The earliest potato to give you whoppers with a good flavour and crumbly, floury texture, excellent for baking, chips or mash. A quick and early cropper.
The promise Large, evenly sized tubers. Creamy, moist flesh of excellent flavour.
Our result
Flavour and flesh Lovely.
Yield 3lb 12oz.
Condition A few had a touch of scab.
Texture Midway between waxy and floury so ideal for boiling, mash or baked.
Storing Said to be good.
Will I grow it again? Yes, my early potato of choice. Next year I will try two lots, some as tiny, very early new potatoes in May and some larger in June.
Second Earlies 'Anya'
The promise 'Desiree' × 'Pink Fir Apple'. A nutty flavour with a creamy flesh and smoother tubers than 'Pink Fir'.
Our result
Flavour and flesh Fantastic, 'Pink Fir Apple' taste and texture, but three times as healthy and quick producing.
Yield 1lb 5oz.
Condition Perfect.
Texture Very, very waxy.
Storing OK.
Will I grow it again? Yes definitely, one of the best salad potatoes.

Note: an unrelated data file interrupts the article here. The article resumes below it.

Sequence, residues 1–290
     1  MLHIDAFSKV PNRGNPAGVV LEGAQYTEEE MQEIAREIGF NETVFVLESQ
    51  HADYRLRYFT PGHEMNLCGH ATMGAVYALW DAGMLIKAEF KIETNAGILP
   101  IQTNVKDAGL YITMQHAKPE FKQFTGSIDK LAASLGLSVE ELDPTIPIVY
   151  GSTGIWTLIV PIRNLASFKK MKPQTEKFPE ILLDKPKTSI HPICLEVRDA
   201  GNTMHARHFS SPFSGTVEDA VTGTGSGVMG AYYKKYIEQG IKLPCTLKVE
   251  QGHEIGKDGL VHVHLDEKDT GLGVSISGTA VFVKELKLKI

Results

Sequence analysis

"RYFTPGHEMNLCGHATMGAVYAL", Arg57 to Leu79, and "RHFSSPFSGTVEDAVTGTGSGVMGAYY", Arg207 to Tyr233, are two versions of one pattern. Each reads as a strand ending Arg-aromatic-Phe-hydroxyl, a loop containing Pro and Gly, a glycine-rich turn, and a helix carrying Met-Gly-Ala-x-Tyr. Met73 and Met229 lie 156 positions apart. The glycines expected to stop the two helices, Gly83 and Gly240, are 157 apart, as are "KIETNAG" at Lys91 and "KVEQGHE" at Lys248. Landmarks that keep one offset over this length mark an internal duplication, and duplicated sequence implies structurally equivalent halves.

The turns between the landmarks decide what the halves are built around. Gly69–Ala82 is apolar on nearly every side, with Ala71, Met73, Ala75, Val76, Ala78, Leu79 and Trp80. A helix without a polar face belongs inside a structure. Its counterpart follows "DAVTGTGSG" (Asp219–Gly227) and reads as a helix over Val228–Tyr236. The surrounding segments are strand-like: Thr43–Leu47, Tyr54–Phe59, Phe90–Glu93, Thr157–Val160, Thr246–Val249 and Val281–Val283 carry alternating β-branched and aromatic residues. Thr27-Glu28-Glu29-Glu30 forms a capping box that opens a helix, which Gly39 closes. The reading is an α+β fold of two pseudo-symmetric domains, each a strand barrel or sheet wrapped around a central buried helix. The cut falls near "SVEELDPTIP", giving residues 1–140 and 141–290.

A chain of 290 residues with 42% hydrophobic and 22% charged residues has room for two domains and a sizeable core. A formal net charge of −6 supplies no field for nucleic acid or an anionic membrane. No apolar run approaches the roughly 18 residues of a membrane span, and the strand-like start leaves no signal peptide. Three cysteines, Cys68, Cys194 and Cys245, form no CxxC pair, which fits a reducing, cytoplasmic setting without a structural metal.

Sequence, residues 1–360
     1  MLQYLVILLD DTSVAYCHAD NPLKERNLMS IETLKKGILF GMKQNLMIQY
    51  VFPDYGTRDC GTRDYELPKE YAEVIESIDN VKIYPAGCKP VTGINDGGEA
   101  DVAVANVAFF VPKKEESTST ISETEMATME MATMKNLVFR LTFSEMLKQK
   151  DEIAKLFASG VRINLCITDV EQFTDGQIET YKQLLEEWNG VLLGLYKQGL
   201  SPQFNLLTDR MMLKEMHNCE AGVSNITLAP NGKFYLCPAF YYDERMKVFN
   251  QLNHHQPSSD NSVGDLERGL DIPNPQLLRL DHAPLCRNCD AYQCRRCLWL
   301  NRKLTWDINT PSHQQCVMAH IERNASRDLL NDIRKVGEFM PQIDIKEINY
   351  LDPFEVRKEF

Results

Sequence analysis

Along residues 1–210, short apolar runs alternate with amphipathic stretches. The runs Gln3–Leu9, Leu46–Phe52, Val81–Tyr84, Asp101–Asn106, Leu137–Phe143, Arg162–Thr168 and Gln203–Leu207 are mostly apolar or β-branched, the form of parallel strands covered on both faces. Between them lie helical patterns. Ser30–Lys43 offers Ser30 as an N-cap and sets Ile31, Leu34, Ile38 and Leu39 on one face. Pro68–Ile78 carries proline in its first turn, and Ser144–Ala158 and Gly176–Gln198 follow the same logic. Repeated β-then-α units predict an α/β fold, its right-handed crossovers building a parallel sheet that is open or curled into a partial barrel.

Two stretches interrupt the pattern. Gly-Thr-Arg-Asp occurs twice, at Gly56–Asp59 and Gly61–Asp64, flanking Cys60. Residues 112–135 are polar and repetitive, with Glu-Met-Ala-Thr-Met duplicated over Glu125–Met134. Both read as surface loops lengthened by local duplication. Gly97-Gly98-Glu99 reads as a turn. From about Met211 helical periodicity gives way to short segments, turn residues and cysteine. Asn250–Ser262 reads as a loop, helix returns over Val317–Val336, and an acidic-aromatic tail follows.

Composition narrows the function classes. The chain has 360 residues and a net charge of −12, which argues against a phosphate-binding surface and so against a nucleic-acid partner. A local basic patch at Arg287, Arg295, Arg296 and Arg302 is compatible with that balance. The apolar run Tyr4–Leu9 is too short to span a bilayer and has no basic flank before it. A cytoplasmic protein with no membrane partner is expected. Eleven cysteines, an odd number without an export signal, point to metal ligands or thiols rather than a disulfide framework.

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French potatoes: you say spud, I say pomme de terre.

French potatoes: you say spud, I say pomme de terre - Telegraph:
French flavour
What’s so special about French potatoes? As with most French food, the emphasis is on flavour – varieties simply don’t last long if they don’t taste good. Heft and disease resistance come a very distant second.It’s also partly cultural – potatoes are seen as a bright, pleasurable presence on the plate rather than edible ballast, something to fill up on, and the popular French varieties reflect that.
Potatoes divide semi-tidily into two camps: the early, largely salad varieties, and the later, often flourier types.
The first camp accounts for 80 per cent or more of my potato patch, largely because they perform as if someone listened to all our gardening whinges and invented early potatoes in response.